Playing sports is an American tradition and there are many benefits to be gained by participation. As parents, we can use sports as a means to bring out the best in our children.
By stressing the fundamentals of fair play, good sportsmanship and putting forth one’s best effort, we can give our children the message that sports can be fun.
Sports provide a place for kids to learn how to get along with their peers and how to play by the rules. Sporting activities also teach children how to win and lose gracefully. Sports help develop skills and a sense of fair play.
Competition is also part of the winning and losing game. Competition can encourage growth and push a child to do his best. But although competition can be a very strong motivation, there can be negative consequences when too much emphasis is placed on being the best.
If a child can’t enjoy each achievement on its own merit, the ultimate goal may not be worth reaching. It’s difficult for some children to benefit from a sports program that’s very competitive. The gifted few become the stars, while the less able (and probably the average) sit on the bench.
This sends a negative message to these children: “You’re not good enough.” When the main emphasis is placed on winning, we may fail to recognize and appreciate the accomplishments our children make along the way to success.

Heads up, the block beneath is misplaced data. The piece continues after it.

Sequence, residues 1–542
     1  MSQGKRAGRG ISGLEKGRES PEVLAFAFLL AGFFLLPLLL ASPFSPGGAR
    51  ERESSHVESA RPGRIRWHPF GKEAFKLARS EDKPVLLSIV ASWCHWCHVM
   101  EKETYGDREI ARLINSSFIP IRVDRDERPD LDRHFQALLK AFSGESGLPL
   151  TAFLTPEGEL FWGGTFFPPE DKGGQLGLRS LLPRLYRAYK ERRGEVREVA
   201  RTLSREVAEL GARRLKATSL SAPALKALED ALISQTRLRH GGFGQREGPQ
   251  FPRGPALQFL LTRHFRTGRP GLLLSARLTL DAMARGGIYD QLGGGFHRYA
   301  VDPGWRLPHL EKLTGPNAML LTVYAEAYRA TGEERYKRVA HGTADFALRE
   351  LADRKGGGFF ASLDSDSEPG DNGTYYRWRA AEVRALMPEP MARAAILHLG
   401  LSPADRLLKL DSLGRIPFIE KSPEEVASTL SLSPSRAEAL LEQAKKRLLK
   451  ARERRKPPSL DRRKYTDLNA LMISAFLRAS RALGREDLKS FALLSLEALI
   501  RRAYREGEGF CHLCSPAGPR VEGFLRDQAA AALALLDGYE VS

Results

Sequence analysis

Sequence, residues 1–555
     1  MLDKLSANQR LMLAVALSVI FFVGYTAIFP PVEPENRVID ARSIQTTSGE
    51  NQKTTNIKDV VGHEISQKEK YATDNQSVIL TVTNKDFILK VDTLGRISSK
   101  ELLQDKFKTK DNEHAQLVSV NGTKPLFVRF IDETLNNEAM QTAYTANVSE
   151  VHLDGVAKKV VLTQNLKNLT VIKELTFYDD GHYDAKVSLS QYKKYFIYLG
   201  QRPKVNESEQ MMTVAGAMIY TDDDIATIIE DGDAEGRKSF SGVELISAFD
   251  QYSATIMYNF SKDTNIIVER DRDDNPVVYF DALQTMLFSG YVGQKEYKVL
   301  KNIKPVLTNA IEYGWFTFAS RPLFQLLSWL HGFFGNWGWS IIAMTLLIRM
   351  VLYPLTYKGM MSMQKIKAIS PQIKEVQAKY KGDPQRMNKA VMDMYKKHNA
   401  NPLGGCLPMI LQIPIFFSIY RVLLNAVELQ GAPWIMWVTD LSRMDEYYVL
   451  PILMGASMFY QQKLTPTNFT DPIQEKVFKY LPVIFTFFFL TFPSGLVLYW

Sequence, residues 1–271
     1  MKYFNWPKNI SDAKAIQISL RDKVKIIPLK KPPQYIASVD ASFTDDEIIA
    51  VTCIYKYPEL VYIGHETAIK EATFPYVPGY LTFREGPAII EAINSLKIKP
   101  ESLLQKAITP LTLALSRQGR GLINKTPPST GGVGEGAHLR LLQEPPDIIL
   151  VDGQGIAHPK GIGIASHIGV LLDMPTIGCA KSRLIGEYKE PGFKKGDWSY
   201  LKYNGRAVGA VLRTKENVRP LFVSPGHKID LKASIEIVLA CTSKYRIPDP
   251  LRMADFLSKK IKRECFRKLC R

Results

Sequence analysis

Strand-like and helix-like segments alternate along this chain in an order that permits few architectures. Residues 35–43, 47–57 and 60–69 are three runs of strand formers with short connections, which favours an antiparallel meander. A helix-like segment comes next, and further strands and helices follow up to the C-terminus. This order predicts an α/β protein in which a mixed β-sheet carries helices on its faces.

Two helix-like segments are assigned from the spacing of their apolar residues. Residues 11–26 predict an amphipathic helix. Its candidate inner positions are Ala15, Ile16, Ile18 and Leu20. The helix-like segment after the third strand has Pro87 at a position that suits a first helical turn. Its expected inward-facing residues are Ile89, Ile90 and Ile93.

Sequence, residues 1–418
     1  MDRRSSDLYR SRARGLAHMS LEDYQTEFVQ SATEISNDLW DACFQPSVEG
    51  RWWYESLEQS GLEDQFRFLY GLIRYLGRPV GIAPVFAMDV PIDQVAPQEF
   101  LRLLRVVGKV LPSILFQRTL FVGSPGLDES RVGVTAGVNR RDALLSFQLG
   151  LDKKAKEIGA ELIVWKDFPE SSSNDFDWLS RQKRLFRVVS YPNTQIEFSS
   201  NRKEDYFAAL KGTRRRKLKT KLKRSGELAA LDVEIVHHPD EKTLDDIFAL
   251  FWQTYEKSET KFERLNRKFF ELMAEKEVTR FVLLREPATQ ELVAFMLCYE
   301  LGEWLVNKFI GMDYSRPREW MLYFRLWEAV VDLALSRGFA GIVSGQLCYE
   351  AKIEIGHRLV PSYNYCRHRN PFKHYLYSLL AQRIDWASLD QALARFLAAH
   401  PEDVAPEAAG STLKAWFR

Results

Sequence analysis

Children often have every waking hour scheduled with activities, leaving little or no time just to be children. Parents need to provide a haven for kids to grow at their own pace, with plenty of time for free play and fantasy. Parents need to help their children realize they are valued for who they are, not what they can do.
One alternative to organized sports programs which is available in some communities is a non-competitive program that encourages children to learn skills and have fun playing the game.
A model program includes concepts that reduce competition by:

  • Rewarding and emphasizing team play, thus de-emphasizing individual performance.
  • Giving referees more of an instructional role.
  • Limited sideline participation by parents and coaches.
  • Eliminating scorekeeping, thus no winners and losers.
  • Letting each child play equally at different positions.